This post has been modified to reflect new information since its original publication.
Virtually every site you create an account on will ask you to choose a username. Sometimes this can be your email address, or you might be required to use your real name or a made-up pseudonym. However, the username you choose can have professional and personal implications for your online reputation, and it’s worth taking a moment to choose something that will reflect well on you. Don’t squander job opportunities or business connections because of a poor username or display name.
Should you use your real name for a username or display name?
Several of the sites where potential employers or business contacts are likely to look for you require you to use your real name. Facebook and LinkedIn are probably the most prominent of these, so you want to present a professional image on these sites. Don’t try to get creative with some derivative of your name, just stick to your real first and last names. This will help the right people find you and prevent misunderstandings.
On sites that allow users to enter anything as a username, you need to decide the level of anonymity you need for the service. If you ultimately want to enable friends, business contacts, family, and others to easily find you online, it might be a good idea to use your real name. If you have a public profile on the site, using your real name can also help your online reputation: if the site shows up in your search results, it gives you that much more control over the image you project to others online.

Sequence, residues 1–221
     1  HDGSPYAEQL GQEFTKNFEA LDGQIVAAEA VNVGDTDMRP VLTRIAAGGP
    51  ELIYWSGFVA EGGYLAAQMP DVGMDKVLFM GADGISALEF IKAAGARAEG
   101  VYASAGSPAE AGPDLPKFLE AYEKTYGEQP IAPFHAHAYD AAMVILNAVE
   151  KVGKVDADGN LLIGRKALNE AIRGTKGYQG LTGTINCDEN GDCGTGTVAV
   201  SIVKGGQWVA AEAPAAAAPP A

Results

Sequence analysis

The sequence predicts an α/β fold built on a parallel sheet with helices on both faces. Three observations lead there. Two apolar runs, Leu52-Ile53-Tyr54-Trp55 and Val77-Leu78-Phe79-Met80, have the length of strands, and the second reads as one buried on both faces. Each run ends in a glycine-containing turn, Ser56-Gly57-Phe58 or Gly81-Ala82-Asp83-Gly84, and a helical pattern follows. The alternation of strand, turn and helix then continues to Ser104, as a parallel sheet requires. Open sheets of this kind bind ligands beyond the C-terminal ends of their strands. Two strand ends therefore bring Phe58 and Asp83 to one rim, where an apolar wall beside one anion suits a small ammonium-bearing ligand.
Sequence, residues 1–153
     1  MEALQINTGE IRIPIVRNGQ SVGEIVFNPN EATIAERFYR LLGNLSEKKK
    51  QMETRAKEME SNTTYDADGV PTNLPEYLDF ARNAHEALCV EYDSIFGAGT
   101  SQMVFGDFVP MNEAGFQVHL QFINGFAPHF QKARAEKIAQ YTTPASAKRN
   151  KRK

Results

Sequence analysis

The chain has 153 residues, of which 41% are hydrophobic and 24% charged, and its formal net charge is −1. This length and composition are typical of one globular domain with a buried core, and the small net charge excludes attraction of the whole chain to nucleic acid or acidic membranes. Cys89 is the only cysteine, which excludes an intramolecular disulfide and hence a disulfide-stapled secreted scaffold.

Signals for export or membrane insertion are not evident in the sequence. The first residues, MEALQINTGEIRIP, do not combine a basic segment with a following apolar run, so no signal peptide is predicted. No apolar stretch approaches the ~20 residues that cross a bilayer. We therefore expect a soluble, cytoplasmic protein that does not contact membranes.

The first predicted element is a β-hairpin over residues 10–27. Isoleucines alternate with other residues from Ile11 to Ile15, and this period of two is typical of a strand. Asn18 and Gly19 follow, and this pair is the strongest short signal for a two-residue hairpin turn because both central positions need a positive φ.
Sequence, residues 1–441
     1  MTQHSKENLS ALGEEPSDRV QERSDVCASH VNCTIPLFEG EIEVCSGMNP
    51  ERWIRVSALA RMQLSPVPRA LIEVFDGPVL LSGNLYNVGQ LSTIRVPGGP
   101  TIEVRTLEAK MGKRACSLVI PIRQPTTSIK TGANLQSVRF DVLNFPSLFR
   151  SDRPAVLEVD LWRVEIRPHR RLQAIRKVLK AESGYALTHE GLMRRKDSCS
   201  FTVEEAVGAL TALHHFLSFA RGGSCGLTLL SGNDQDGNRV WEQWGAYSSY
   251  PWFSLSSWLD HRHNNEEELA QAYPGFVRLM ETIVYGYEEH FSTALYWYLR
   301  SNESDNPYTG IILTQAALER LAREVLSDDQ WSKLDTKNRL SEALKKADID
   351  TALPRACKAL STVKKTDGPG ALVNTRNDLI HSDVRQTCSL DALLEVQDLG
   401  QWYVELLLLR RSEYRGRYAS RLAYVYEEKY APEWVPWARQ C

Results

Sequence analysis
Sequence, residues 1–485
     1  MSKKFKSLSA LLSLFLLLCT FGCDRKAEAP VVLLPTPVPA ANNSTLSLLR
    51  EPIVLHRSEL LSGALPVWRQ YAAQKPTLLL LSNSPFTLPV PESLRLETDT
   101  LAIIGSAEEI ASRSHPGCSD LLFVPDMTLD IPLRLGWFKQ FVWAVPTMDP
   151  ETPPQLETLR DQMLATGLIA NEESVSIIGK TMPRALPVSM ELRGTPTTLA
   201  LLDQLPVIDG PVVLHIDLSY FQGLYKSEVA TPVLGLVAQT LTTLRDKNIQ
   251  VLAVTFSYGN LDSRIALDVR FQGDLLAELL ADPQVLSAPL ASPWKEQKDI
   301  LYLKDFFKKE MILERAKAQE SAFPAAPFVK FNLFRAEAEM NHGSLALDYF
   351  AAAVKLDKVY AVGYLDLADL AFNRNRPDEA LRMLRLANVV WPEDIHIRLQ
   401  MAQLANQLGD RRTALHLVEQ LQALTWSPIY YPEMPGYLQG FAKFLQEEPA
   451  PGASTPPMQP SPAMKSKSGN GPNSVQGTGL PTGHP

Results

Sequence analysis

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The reverse is also true. If you need an account on a site that you don’t want associated with your online reputation, don’t use your real name or a common derivative of it. You want to avoid having a Google search of your name lead to these profiles. Try to pick something completely unrelated to your name that you’ll be able to remember. For example, if you like to fish, you might go with something like “troutfisher.”
Be ready if your name is taken
Millions of people use the Web, so you may not be able to get a username that matches your real name. If this is the case, add some additional qualifying factor, such as:
- Your middle initial
- For professionals such as doctors or lawyers, you can attach a prefix or suffix to your name: e.g. “JohnDoeMD”
- Numbers, though keep it simple and avoid using the year you were born. Exposing your birth year may create privacy vulnerabilities and makes it easy for people to judge you for being too old or too young.
Keep the name clean
If you’re choosing a username that might be seen in a professional context, keep it clean and straightforward. Nobody wants to hire “SexyGirl69” or “420Toker.” These names might be fun among friends, but they do not look good on a resume or at a trade show. Choosing vulgar names reflects poorly on your judgment and professionalism.
Incorporate your personal brand
If you’re joining a website to promote your business, incorporate your brand and expertise into your username, leveraging name recognition. If you’re the Mattress King of the Midwest, keep your username closely tied to that slogan: e.g., “MidwestMattressKing” or “MattressKingoftheMidwest.”
Use your username consistently
For sites that you want to appear in your search results, try to use the same or a similar username. The more often you use the same name online, the more likely it is to rank in the Google search results for your name.
If you are looking to establish, improve, or otherwise control your online reputation, ReputationDefender can help you project the right image across usernames, social media profiles, and a whole host of other websites. Contact us to learn more.